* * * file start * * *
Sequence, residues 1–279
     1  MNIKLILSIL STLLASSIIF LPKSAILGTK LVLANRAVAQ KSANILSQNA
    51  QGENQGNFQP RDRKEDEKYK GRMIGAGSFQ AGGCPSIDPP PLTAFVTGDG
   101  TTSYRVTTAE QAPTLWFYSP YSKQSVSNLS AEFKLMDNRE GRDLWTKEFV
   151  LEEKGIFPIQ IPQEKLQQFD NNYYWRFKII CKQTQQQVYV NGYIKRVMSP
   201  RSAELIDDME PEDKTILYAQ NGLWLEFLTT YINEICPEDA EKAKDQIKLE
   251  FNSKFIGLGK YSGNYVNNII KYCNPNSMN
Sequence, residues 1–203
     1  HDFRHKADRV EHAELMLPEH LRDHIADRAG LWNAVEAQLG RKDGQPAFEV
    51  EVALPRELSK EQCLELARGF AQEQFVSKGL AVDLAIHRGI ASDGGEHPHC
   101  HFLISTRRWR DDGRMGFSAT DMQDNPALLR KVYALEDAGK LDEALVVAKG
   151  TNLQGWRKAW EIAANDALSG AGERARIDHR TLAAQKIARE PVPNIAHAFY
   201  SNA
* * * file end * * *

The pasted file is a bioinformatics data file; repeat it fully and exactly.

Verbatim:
Sequence, residues 1–279
     1  MNIKLILSIL STLLASSIIF LPKSAILGTK LVLANRAVAQ KSANILSQNA
    51  QGENQGNFQP RDRKEDEKYK GRMIGAGSFQ AGGCPSIDPP PLTAFVTGDG
   101  TTSYRVTTAE QAPTLWFYSP YSKQSVSNLS AEFKLMDNRE GRDLWTKEFV
   151  LEEKGIFPIQ IPQEKLQQFD NNYYWRFKII CKQTQQQVYV NGYIKRVMSP
   201  RSAELIDDME PEDKTILYAQ NGLWLEFLTT YINEICPEDA EKAKDQIKLE
   251  FNSKFIGLGK YSGNYVNNII KYCNPNSMN
Sequence, residues 1–203
     1  HDFRHKADRV EHAELMLPEH LRDHIADRAG LWNAVEAQLG RKDGQPAFEV
    51  EVALPRELSK EQCLELARGF AQEQFVSKGL AVDLAIHRGI ASDGGEHPHC
   101  HFLISTRRWR DDGRMGFSAT DMQDNPALLR KVYALEDAGK LDEALVVAKG
   151  TNLQGWRKAW EIAANDALSG AGERARIDHR TLAAQKIARE PVPNIAHAFY
   201  SNA